Parker mayor covers growth, roads, finances in State of Town speech

Rotary Club, town host event at PACE Center


Parker Mayor Jeff Toborg spoke about highlights from the past year and expectations for 2022 during the first in-person State of the Town speech since the COVID-19 pandemic.

“The state of our town is thriving and growing,” Toborg said during the 30-minute speech.

Business owners, elected officials and residents attended the event hosted by the town and the The Rotary Club of Parker at the PACE Center. 

Toborg spoke about Parker’s business growth, developments in parks and recreation, law enforcement and roads among other topics.

The mayor spoke about impacts from the pandemic, including that the town’s revenue stream is strong, due in part to how many people now work from home. 

“We have, for the first time, a daytime economy,” Toborg said. 

toborg said the town is able to maintain a reserve of 25% of the budget, which is about $25 million in case of difficult times. 

This year, $30 million of the town's budget will go toward capital improvements, including a town hall expansion and renovations of virtually every town facility, he said.

The town’s businesses are also growing, with about a 1% vacancy rate in the town’s commercial properties, Toborg said.

Toborg gave praise to the Parker Police Department and said each officer received up to a 9% pay increase, making the town the market leader. 

“We sought and we obtained a grant providing $30,000 for additional counseling services for our officers,” Toborg said. “We want to take care of them in every way.”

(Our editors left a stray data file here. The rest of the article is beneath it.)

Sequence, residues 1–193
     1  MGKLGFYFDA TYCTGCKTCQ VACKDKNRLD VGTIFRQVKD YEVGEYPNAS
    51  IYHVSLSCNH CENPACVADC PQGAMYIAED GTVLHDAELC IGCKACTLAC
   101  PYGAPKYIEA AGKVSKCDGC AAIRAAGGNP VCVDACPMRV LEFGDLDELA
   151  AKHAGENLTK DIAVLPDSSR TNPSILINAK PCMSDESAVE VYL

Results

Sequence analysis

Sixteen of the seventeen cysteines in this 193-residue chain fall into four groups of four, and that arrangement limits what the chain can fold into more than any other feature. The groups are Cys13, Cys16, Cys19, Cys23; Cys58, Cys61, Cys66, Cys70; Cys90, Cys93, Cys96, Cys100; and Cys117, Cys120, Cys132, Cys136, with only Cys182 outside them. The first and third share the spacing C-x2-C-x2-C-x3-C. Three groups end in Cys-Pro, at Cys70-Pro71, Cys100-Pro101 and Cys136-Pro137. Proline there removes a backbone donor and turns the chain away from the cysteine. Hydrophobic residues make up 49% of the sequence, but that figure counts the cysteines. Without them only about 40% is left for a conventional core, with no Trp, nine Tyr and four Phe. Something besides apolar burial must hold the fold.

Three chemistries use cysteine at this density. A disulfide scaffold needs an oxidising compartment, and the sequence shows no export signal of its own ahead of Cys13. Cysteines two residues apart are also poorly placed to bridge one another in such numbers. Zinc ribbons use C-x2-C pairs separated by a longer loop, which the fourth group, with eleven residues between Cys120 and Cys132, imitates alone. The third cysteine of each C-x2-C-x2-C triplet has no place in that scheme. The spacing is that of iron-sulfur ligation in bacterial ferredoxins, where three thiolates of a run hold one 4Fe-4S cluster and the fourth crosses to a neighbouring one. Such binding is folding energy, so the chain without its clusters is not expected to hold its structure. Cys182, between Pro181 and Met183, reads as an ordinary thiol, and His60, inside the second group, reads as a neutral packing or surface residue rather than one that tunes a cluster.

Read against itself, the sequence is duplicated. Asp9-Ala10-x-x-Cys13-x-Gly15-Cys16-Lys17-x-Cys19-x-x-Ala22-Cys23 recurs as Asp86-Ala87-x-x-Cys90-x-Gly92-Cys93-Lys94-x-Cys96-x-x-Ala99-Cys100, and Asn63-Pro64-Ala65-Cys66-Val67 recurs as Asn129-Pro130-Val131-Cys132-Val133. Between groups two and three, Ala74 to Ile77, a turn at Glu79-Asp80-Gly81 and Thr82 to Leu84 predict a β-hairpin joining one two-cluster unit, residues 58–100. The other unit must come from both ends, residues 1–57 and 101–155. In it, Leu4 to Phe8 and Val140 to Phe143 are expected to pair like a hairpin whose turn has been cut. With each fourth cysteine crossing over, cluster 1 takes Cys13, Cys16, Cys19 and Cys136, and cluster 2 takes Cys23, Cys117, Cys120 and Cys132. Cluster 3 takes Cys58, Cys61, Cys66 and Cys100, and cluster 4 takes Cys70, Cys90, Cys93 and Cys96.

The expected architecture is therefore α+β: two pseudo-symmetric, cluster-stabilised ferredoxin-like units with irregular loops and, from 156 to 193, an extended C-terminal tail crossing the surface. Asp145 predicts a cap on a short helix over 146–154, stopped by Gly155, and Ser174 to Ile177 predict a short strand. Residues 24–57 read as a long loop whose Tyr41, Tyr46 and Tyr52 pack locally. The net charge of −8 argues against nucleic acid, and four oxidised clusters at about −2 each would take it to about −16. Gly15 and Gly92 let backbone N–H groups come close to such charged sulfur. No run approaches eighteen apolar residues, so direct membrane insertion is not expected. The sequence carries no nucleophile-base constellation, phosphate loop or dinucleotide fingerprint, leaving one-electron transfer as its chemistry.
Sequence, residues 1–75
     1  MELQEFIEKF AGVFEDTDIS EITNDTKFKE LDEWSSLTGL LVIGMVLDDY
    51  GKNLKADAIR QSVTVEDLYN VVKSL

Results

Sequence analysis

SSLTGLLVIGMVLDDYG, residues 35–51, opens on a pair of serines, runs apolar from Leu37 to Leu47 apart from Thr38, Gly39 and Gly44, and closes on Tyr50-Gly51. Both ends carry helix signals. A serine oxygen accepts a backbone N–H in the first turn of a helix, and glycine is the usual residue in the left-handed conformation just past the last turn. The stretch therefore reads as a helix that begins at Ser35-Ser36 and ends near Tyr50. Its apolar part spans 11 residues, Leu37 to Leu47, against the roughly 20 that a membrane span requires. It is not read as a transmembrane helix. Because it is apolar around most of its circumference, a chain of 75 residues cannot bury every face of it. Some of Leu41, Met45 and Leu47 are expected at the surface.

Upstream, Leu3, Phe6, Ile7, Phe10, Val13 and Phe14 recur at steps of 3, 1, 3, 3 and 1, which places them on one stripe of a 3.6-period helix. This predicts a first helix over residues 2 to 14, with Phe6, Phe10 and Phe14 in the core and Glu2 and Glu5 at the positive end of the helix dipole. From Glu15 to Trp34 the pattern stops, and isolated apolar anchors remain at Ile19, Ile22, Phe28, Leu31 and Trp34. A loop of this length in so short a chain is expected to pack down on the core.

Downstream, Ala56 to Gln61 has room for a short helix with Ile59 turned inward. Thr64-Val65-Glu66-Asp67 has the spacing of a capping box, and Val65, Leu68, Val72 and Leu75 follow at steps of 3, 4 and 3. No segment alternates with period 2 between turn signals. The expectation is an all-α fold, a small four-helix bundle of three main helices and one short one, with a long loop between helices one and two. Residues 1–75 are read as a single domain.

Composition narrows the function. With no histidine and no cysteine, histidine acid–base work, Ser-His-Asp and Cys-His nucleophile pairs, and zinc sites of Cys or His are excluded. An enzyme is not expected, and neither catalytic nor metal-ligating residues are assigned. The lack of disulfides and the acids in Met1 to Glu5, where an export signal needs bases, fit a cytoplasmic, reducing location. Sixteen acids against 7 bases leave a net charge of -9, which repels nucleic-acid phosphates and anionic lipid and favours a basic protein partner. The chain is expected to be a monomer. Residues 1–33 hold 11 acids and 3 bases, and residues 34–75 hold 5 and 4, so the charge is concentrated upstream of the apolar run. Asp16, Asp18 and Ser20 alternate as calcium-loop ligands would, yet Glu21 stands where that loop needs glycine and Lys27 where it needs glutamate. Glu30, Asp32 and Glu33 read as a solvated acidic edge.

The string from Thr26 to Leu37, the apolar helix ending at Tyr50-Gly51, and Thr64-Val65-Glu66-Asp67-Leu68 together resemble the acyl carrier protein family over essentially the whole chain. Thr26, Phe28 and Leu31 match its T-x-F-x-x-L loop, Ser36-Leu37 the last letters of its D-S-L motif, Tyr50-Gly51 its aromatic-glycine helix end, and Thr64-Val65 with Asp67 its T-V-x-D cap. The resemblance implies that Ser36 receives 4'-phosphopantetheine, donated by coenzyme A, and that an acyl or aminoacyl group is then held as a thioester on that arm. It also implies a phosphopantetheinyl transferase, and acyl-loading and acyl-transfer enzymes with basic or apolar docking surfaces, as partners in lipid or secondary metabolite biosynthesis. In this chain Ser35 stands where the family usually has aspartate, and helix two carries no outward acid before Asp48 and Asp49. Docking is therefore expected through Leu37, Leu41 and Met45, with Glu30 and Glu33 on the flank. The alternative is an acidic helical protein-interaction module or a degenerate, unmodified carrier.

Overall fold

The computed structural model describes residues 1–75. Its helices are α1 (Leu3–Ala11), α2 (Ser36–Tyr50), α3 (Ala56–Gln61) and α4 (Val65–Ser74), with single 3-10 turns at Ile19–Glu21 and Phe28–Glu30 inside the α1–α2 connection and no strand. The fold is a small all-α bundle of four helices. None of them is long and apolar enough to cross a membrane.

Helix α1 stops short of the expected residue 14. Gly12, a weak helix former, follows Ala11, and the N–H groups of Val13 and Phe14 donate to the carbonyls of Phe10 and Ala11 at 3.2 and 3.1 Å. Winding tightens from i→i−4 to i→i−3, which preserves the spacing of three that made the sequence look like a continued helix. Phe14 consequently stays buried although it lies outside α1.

He added that like most other areas in the state, crime is growing in Parker.

“We will supply every tool in the toolbox to keep our residents safe but equally important, we will supply every tool, every weapon, every tactic to keep our officers safe on the street,” he said. 

For the parks and recreation department, which Toborg said has the “most utilized facilities,“ in the town, upcoming upgrades include the completion of the 5-mile High Plains Trail across the north side of Parker Road, which is expected to be done by the fall, and the renovation of seating and playground equipment in O’Brien Park. 

The East/West Regional Trail was also completed in 2021.

“You can get to Highlands ranch without even hitting a street.” Toborg said. “It’s pretty amazing.”

In 2021, the town public works department worked with Tanterra, the developer for Anthology North, to build a 6-lane section of Chambers Road from Hess Road to Stroh Road.

The department also completed the Cottonwood Drive widening project between Jordan Road and Parker Road. 

The Dransfeldt Road extension project from 20-Mile Road to Motsenbocker has also progressed in collaboration with Douglas County and Flat Acre Farms, he said. 

“That will provide a key transportation link and promote economic development in that area and future regional commercial space,” Toborg said.

The event also included a presentation of the Parker Impact Award, which went to former mayor David Casiano. Casiano, who was mayor from 2004 to 2012, died earlier this year. Nominees were Kam Breitenbach, secretary of the Cherry Creek Valley rotary Club of Parker and former mayor Mike Waid.  

The co-presidents of Legend High School’s student body also spoke at the event, providing details about their unusual high school experience in the midst of a pandemic. 

Patty Silverstein from Development Research Partners provided an economic forecast for the Denver metro region, including data such as how quickly the area has regrown jobs compared to the rest of the U.S. 

Video from the event is set to be posted on the town’s Facebook page.


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